On 1 July, China solemnly celebrated the 25th anniversary of its reclaimed sovereignty over Hong Kong. The former British colony peacefully returned to the motherland under the Chinese model of "one country, two systems".
Unprecedentedly harsh verbal attacks from UK and US officials accompanied the celebrations, never before allowed.
British Prime Minister Boris Johnson said the UK was "not giving up on Hong Kong". At the same time, Foreign Secretary and a potential candidate for Prime Minister Liz Truss mentioned the UK's historical responsibility to Hong Kong and its people, saying that London wouldn't rest until the former colony "has its freedoms back". The US followed suit, with Secretary of State Antony Blinken mentioning the "erosion" of Hong Kong's autonomy.
Beijing responded to the attacks with a chain of editorials in state-controlled media, scolding Western imperialism in rugged "Commie-style" language, urging to "better think about Scotland and Northern Ireland", and proclaiming that the West would not be able to "break down China". Such an angry Chinese response to Western provocations is no accident. Tianxia's foes have a chance to crush China by using Hong Kong.
The West has repeatedly accused China of limiting rights and liberties in Hong Kong, a former British colony, and Western media openly sympathised with and supported the protesters in recent waves of unrest in Hong Kong. This time, however, they went cumbersome on that. The British Prime Minister and the US Secretary of State have made statements that carry an overtly colonialist undertone. Of course, Britain will not take back Hong Kong; such a crude deadlock with China would be to the disadvantage of the Brits because it would undo decades' worth of building a strategic relationship with Chinese elites. However, the US appears to be preparing for a serious attack on China, while London has to follow US policy.
To engineer a crisis in Hong Kong is the right choice for China’s enemies if they want to hurt it. Hong Kong is an Achilles' heel not just for the People's Republic of China but for the whole of Greater China, also including Chinese diasporas in South East Asian countries. In addition to Hong Kong's economic significance, culture is at play here.
The Chinese, by nature, are big gamblers. Their leaders are very well aware of that, hence their harsh legislation to suppress gambling and gamblers. However, the government did make one concession, allowing the Chinese to gamble in stocks. Moreover, imbuing their decision with the authority of the state and the Communist Party, they encouraged ordinary citizens to gamble in stocks as part of their stated goal to build a moderately prosperous nation.
So, millions of peasants, workers, physicians, and teachers are now dependent on the well-being of local (already overheated) stock markets, and many of their population shares are traded in Hong Kong. Coupled with their love of gambling, the Chinese people's trust in their government brought them to the stock market. A destabilised Hong Kong, the end of the city's and its stock markets' well-being, and a sharp fall in indices will mean a heavy shock for dozens of millions of players and hundreds of millions of households across China and the diaspora whose savings depend on market quotations. More than a financial shock, this would seriously undermine the trust in the Communist authorities, who had directly encouraged the masses to gamble in stocks.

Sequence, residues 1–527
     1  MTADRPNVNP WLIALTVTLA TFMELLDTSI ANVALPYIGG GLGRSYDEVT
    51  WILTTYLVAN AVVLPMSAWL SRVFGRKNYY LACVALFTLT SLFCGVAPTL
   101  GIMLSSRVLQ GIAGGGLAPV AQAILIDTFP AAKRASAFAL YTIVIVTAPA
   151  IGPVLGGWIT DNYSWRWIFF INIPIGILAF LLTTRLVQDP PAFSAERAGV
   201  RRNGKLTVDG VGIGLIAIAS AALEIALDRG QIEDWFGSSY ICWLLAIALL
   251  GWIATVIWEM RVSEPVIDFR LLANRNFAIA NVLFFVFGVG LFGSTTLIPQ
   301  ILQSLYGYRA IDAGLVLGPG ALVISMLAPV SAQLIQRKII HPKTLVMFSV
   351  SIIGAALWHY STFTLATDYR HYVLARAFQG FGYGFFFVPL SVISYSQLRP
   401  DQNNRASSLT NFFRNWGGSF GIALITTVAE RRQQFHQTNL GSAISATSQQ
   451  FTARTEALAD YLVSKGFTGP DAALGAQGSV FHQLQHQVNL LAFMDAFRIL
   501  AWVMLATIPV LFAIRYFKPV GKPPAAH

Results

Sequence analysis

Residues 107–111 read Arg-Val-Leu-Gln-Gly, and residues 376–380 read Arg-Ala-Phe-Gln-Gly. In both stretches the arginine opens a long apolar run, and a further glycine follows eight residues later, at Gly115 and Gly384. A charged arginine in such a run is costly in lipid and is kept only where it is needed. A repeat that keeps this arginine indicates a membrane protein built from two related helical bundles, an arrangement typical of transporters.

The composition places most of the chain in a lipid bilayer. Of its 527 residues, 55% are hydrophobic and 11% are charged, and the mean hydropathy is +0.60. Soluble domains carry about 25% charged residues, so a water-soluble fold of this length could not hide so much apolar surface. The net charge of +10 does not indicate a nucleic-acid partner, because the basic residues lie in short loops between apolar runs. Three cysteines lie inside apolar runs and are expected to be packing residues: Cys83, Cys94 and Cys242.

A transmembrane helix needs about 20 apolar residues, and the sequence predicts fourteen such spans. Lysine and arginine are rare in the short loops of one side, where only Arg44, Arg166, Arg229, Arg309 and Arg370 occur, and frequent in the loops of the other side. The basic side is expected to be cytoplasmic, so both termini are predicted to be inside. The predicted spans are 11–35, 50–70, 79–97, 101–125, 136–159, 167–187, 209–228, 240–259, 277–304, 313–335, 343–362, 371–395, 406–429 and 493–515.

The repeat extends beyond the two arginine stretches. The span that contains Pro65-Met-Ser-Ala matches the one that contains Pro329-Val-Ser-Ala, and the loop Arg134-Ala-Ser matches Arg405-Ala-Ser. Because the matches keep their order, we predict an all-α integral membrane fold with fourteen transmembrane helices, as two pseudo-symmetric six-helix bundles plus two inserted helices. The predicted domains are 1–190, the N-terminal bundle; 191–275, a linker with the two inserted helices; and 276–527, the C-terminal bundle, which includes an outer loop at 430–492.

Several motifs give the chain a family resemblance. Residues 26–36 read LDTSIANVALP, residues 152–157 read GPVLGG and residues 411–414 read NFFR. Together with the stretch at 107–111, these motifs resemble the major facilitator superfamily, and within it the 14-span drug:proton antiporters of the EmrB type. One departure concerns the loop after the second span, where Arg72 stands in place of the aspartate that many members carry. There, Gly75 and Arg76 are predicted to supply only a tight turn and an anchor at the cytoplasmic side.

A large-scale, global economic and stocks crisis and the implosion of Chinese bubbles, the real estate bubble alone is estimated to cost $300 bln, against destabilisation in Hong Kong may lead to a much worsened social situation in mainland China and an aggravated alienation between the people and the elites, endangering China's economic and military potential. According to the British media's estimate, every fifth resident of Hong Kong is considering emigration. This will make it easier for the Western allies to launch a military campaign against China, should they deem it necessary.
China's military might and its influence in the world are much overestimated. Experts and analysts tend to look at formal parameters which, granted, are impressive: the number and class of modern warships, submarines, missiles, aircraft, the condition of artillery, etc.
However, in addition to the facts and figures, it is worthwhile to study China's military history; if you do so, trends will surface that are not flattering. Even when existential military threats were present, China never used its large armed forces to wage war, instead using no more than one-tenth of them to cope with grave threats endangering the country's existence. Thus, the British-inspired Muslim insurgency in the first third of the 20th century could march as far as Beijing, passing through territories populated by Chinese Muslims. The Mujahideen were contained primarily by joint forces of the Red Army and former White Russians. Until recently, China didn’t celebrate 3 September, when Japan was defeated, and World War II ended because the Red Army crushed the Japanese with practically no involvement of Guomindang or Communists. They preferred to clash with each other.
Given a large-scale domestic crisis caused by the bursting market bubbles, the Chinese armed forces may turn out much less combat-ready than anyone would think. The fire-breathing dragon may indeed be a paper dragon. China's powerful navy tends not to venture far from its shores. China's armies haven't shown much valiance in clashes with the Soviets, Vietnamese, or Indians. On the other hand, the Anglo-Saxons, Japanese, and even Europeans have a lot of experience fighting the vast country and its innumerable armies with little losses. Beijing is well aware of that, so they react nervously to anything concerning Hong Kong.